March 26, 2010: Rep. Barney Frank says the White House is “ducking” on repeal this year

U.S. Rep. Barney Frank speaking to Metro Weekly on the White House working on repeal said: ''They're ducking. Basically, yeah, they're not being supportive, and they're letting Gates be the spokesman, which is a great mistake.''


March 30, 2010: SLDN Executive Director Aubrey Sarvis again presses the White House to include repeal in the defense budget

“When Congress comes back next month the White House should make it clear that repeal of DADT this year is a top priority for President Obama. One sure way to send that clear signal is for the President to include repeal language in his defense budget bill going up to Capitol Hill in a few short weeks. The President’s defense budget repeal language should mirror the words in his State of the Union speech to Congress and the American people.”


April 12, 2010: Rep. Barney Frank says he is “frustrated” and “disappointed” with the Administration on DADT repeal

Talking to reporter Karen Ocamb, U.S. Rep. Barney Frank said: “I’m frustrated. I’m disappointed with the administration. …His not being for it will give people an excuse to not vote for it. Thing is – we’ve done hate crimes. We do ENDA. It’s a big agenda all at once. At this point – the President’s refusal to call for repeal this year is a problem."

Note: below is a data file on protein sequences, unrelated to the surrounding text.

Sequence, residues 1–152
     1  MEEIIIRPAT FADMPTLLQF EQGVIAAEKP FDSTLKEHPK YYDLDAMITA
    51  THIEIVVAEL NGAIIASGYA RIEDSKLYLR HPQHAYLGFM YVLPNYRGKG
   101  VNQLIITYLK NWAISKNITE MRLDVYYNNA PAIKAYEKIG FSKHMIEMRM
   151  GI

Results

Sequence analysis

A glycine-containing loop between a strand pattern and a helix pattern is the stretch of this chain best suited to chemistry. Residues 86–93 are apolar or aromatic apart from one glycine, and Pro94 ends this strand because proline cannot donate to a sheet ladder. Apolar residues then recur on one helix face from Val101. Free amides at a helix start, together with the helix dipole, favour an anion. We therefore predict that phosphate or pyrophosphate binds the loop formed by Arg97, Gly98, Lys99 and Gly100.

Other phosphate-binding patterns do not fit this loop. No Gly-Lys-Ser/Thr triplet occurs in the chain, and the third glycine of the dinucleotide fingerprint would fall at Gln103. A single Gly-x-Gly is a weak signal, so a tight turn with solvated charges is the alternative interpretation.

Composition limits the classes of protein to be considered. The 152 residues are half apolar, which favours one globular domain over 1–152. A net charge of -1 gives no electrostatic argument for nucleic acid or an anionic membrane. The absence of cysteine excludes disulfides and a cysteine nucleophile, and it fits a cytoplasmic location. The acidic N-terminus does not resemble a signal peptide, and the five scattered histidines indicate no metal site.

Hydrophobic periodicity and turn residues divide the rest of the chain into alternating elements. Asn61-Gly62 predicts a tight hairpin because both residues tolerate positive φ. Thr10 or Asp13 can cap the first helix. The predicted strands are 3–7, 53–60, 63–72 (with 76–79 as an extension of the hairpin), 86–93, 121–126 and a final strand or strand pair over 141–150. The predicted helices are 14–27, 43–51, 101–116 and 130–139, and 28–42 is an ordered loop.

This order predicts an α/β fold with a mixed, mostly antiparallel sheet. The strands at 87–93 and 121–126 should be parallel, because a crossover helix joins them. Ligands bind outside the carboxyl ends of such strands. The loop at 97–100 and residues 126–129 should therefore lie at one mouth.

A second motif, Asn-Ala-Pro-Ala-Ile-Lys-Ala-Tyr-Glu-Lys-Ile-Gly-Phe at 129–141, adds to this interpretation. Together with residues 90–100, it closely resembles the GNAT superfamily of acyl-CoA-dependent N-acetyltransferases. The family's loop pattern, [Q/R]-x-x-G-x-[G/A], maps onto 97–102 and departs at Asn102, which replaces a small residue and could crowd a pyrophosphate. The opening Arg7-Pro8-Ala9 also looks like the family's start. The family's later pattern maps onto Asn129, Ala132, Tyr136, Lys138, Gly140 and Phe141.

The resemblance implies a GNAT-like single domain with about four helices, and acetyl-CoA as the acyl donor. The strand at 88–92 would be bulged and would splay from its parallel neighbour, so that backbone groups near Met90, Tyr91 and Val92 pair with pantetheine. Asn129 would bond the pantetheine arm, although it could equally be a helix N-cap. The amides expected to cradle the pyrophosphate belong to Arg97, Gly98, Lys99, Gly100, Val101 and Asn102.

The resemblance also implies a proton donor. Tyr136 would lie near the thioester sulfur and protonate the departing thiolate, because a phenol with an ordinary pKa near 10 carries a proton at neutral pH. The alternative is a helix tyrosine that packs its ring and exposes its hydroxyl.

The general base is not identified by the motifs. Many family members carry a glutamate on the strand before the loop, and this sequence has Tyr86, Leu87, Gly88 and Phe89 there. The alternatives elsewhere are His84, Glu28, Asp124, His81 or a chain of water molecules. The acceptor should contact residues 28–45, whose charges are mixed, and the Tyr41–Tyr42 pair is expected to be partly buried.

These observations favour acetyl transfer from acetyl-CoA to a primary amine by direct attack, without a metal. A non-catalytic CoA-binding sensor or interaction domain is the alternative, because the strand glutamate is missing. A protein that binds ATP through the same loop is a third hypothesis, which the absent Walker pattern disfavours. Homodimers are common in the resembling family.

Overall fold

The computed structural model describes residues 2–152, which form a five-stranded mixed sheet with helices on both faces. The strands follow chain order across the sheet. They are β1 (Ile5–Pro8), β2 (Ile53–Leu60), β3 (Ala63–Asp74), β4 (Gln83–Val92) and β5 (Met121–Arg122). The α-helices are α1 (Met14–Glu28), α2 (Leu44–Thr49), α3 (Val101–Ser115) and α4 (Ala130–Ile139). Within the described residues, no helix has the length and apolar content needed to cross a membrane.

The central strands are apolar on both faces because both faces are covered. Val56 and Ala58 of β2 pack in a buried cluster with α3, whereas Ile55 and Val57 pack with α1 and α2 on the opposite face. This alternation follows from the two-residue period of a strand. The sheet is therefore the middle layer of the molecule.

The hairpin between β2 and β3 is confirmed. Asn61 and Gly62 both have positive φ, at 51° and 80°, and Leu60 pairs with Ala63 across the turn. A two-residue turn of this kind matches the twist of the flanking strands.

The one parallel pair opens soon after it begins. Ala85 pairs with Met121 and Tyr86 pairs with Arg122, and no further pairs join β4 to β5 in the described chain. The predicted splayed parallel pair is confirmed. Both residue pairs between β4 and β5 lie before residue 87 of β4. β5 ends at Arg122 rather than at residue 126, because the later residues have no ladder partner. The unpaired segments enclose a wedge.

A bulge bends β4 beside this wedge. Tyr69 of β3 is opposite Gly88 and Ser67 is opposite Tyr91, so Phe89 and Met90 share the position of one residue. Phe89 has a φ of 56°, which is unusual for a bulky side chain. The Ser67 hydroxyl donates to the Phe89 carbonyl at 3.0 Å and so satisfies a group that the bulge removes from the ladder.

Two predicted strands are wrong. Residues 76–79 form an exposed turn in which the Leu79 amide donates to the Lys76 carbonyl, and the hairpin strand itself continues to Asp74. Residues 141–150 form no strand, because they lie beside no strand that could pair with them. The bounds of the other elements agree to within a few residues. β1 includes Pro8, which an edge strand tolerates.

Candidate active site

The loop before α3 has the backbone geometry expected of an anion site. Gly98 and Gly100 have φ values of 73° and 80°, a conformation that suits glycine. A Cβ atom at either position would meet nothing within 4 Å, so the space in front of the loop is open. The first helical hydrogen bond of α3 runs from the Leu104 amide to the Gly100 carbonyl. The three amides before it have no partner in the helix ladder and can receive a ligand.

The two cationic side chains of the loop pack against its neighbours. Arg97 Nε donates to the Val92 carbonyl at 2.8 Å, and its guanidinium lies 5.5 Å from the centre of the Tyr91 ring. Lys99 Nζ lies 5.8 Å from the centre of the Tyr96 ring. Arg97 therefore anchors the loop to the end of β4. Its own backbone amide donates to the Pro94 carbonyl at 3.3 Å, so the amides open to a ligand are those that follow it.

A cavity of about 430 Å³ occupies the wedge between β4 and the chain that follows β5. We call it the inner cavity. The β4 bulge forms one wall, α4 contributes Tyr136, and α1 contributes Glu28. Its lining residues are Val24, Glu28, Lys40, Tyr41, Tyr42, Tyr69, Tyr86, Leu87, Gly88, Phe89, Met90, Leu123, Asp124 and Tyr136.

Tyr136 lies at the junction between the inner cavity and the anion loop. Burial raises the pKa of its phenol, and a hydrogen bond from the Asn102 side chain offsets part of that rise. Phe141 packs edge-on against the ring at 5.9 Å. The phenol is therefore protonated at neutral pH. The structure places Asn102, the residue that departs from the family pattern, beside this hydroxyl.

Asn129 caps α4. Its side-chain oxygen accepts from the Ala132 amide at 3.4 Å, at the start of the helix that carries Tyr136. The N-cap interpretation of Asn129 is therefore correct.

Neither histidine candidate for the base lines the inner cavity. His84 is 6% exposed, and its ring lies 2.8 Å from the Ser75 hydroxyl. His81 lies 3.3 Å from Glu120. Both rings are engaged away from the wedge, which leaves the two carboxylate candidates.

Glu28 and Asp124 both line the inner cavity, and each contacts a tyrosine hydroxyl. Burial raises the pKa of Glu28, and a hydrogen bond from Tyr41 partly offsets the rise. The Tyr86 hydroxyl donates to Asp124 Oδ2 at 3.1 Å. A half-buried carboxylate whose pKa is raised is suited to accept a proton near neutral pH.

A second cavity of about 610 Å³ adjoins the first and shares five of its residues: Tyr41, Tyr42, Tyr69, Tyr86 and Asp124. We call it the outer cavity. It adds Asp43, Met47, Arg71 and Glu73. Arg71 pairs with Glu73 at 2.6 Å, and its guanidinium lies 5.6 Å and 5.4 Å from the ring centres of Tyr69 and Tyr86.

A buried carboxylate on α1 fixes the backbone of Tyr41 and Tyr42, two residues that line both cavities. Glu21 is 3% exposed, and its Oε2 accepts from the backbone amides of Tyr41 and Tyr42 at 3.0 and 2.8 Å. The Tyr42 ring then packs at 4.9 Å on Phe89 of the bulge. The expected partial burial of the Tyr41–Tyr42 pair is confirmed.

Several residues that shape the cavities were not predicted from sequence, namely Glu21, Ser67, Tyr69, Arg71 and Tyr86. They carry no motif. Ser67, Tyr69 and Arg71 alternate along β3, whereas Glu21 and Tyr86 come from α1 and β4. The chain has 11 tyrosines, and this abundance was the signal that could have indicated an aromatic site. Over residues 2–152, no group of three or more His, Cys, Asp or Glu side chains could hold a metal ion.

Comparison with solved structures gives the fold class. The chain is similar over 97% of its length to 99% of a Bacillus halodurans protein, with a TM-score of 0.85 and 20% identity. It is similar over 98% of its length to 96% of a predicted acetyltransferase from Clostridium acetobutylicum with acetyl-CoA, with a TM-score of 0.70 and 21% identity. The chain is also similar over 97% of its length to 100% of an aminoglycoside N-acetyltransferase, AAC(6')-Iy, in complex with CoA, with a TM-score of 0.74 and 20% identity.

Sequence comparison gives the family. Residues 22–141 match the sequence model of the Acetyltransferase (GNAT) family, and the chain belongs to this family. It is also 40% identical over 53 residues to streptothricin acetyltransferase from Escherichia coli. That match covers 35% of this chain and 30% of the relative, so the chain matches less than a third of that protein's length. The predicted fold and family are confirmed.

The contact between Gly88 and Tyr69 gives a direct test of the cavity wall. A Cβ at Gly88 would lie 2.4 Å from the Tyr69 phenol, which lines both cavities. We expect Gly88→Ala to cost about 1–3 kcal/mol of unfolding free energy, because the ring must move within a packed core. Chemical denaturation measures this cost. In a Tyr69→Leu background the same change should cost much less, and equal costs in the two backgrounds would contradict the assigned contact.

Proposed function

April 13, 2010: House Majority Leader says he is waiting for direction from the Administration; adds there is no known time line for repeal

House Majority Leader Steny Hoyer told Congressional Quarterly that legislative action on DADT “would await recommendation from the Pentagon, noting that both Defense Secretary Robert Gates and Adm. Mike Mullen, chairman of the Joint Chiefs of Staff, have said that they support ending the policy.”

The same day, the Advocate reported: “To date, the House has not gotten such a directive from the Pentagon, nor has the White House weighed in on taking legislative action this year. House leaders do not plan “to tie changes to ‘don’t ask, don’t tell’” to the Department of Defense authorization bill. Hoyer also said he had no time line yet for consideration of repeal legislation.”


April 14, 2010: The White House releases broad statement on DADT explaining repeal is not “off the table”

“…The Office of Legislative Affairs continues to engage lawmakers, and at no time has the White House asked any Member to take this issue off the table."


April 21, 2010: White House Press Secretary signaled from the podium that the president is likely not going to push for repeal this year

From the Advocate: “President Barack Obama is allowing the Department of Defense to run the course of its investigation as to how to repeal "don't ask, don't tell," White House press secretary Robert Gibbs told reporters Wednesday. The DOD's study is due December 1, suggesting legislative action will likely be ruled out until after the new year.” The question was asked by Advocate White House correspondent Kerry Eleveld: